Following what many saw as a preview of what CNN’s mornings might look like with Chris Cuomo and presumptive co-host Erin Burnett, Jeff Zucker’s network-in-progress got more bad ratings news. For the second day in a row, CNN’s Piers Morgan Tonight sank to a yearly (2013) low in the prime 25-54 demographic with just 87,000 viewers. PMT is down 27% in total viewers, according to Nielsen data, and down 38% in the demo from its debut on January 17, 2011. Additionally, last night PMT had the lowest demo in its time slot, even beaten by sister network HLN’s Dr. Drew with 208,000 viewers in the demo. Morgan’s subjects last night included dysfunctional goings-on in Washington, the papal situation, and a conversation with Gus Searcy, the so-called mentor of Jodi Arias, who’s on trial in Phoenix for killing her ex-boyfriend.
Multi-Oscar winning indie studio chief Harvey Weinstein is guest-hosting CNN’s Piers Morgan Tonight and spending the hour interviewing former President Bill Clinton. The show was pre-taped in New York this afternoon. The appearance by Weinstein, a long time Clinton supporter and big time donor to Democrats including President Obama this election cycle, comes as part of Guest Host Week on the primetime CNN talk show. With CNN’s primetime ratings hitting 20-year lows this month, Harv’s presence could be a good move for the network. Or not.
Weinstein starts off with an approach as measured and understated as his black suit and black tie. Quentin Tarantino would be proud. After introducing Clinton (“The things I do for you, Harvey,” the ex-Prez says), Weinstein asked him right off what his favorite movie is. Clinton says High Noon is his flick pick – though he really likes Casablanca. Clinton tells Weinstein that Brad Pitt and George Clooney are too good-looking to play him in a movie, though Clooney is about his size. The former President thinks Meryl Streep should play Hillary Clinton. Harvey plugs The Weinstein Co’s Iron Lady with the Streep reference. Clinton starts talking about how much The Lion in Winter and Tom Jones meant to him.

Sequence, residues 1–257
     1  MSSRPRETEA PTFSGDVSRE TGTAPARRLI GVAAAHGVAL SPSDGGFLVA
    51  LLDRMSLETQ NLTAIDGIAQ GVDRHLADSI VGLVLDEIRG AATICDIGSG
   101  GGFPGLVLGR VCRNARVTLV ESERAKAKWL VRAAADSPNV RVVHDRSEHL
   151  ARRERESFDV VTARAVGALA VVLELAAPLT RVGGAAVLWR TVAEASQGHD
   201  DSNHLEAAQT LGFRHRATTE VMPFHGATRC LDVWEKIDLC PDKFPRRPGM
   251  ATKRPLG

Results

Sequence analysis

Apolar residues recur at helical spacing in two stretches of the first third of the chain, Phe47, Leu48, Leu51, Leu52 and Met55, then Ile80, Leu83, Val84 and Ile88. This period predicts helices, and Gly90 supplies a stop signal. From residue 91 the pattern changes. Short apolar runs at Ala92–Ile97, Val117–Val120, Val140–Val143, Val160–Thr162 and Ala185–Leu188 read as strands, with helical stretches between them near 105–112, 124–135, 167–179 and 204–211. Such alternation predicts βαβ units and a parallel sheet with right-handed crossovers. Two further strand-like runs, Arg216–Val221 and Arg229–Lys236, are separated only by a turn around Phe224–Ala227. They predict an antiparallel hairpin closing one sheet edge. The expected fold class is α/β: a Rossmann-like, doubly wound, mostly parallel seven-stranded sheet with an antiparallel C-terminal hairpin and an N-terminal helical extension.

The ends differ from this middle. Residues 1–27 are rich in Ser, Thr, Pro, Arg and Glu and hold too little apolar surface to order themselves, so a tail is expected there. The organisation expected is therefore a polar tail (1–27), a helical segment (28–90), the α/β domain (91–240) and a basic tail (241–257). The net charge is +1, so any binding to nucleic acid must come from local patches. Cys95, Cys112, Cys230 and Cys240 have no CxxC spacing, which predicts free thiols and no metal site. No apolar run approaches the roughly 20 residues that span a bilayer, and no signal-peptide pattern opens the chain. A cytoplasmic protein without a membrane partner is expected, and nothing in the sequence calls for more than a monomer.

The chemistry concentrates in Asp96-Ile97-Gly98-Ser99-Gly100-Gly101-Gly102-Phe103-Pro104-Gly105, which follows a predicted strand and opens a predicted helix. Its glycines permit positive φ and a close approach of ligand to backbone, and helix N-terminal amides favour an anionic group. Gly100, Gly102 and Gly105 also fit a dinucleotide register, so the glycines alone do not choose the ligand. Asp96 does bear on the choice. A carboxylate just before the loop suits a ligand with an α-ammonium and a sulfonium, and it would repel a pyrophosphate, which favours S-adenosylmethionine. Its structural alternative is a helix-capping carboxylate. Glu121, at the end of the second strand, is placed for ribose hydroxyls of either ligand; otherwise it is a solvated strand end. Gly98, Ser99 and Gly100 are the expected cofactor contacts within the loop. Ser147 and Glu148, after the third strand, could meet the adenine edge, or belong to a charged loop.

There was plenty of gooey-gushing by Weinstein, who tells Clinton he was the first President that “was cool”. Weinstein and Clinton also talk politics. The back to Hollywood. Weinstein says “in his world” everyone supports gay marriage and asks Clinton if Obama took a risk by …
In a bizarre incident, former Delaware GOP Senate candidate Christine O’Donnell today walked out of the taping of an interview for CNN’s Piers Morgan Tonight, which is set to air tonight. The tipping point was Morgan’s question about her stance on gay marriage. (By that point, he had already quizzed her on witchcraft and sex with the tension between the two visibly escalating, especially when Morgan repeatedly asked O’Donnell to address old comments about masturbation she had made in an 1990s MTV documentary special.) “You’re being a little rude,” she told him several times before asking her handlers “Are we done?” and taking off her microphone. But not before schooling Morgan on conducting interviews: “Don’t you think as a host if I say ‘This what I wanna talk about’, that’s what we should address?” O’Donnell was on the show promoting her book Troublemaker. “My first ever walk-out in 25 years of interviews,” Morgan wrote on Twitter. “I guess viewers can decide if I was ‘rude’ or not tonight.” Here is the video, judge for yourselves. UPDATE: After airing the unfinished interview on his show tonight, Morgan invited O’Donnell to return tomorrow and promised not to be rude.
Over the past week, Sheen has called Two and a Half Men co-creator Chuck Lorre a clown, a turd and a charlatan among other things. But, despite the bad blood, Sheen doesn’t rule out working with Lorre again. “Maybe two guys just sit in a room and say, ‘Look, we hate each other, let’s continue to make some great television,” he said during his 20/20 interview that aired tonight.
There was no love for CBS executive though. “The fun stops” on the set of Men “when they roll in,” Sheen said. “They just puke all over it. They’re not welcome to be in the presence of what I’m delivering.”
Meanwhile, on Piers Morgan Tonight, Harvey Weinstein was asked about Sheen whom he called “one of the best actors when he’s motivated.”